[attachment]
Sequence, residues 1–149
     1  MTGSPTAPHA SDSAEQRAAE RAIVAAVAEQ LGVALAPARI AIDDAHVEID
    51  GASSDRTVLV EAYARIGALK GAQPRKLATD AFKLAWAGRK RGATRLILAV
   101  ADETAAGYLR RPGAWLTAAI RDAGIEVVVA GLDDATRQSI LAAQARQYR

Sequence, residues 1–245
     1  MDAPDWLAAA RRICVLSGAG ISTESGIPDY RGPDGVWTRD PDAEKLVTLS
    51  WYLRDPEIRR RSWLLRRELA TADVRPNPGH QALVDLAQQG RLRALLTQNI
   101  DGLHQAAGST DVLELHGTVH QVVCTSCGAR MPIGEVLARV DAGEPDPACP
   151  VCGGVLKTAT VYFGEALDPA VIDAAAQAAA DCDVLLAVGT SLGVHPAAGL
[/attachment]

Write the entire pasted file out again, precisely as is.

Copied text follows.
Sequence, residues 1–149
     1  MTGSPTAPHA SDSAEQRAAE RAIVAAVAEQ LGVALAPARI AIDDAHVEID
    51  GASSDRTVLV EAYARIGALK GAQPRKLATD AFKLAWAGRK RGATRLILAV
   101  ADETAAGYLR RPGAWLTAAI RDAGIEVVVA GLDDATRQSI LAAQARQYR

Sequence, residues 1–245
     1  MDAPDWLAAA RRICVLSGAG ISTESGIPDY RGPDGVWTRD PDAEKLVTLS
    51  WYLRDPEIRR RSWLLRRELA TADVRPNPGH QALVDLAQQG RLRALLTQNI
   101  DGLHQAAGST DVLELHGTVH QVVCTSCGAR MPIGEVLARV DAGEPDPACP
   151  VCGGVLKTAT VYFGEALDPA VIDAAAQAAA DCDVLLAVGT SLGVHPAAGL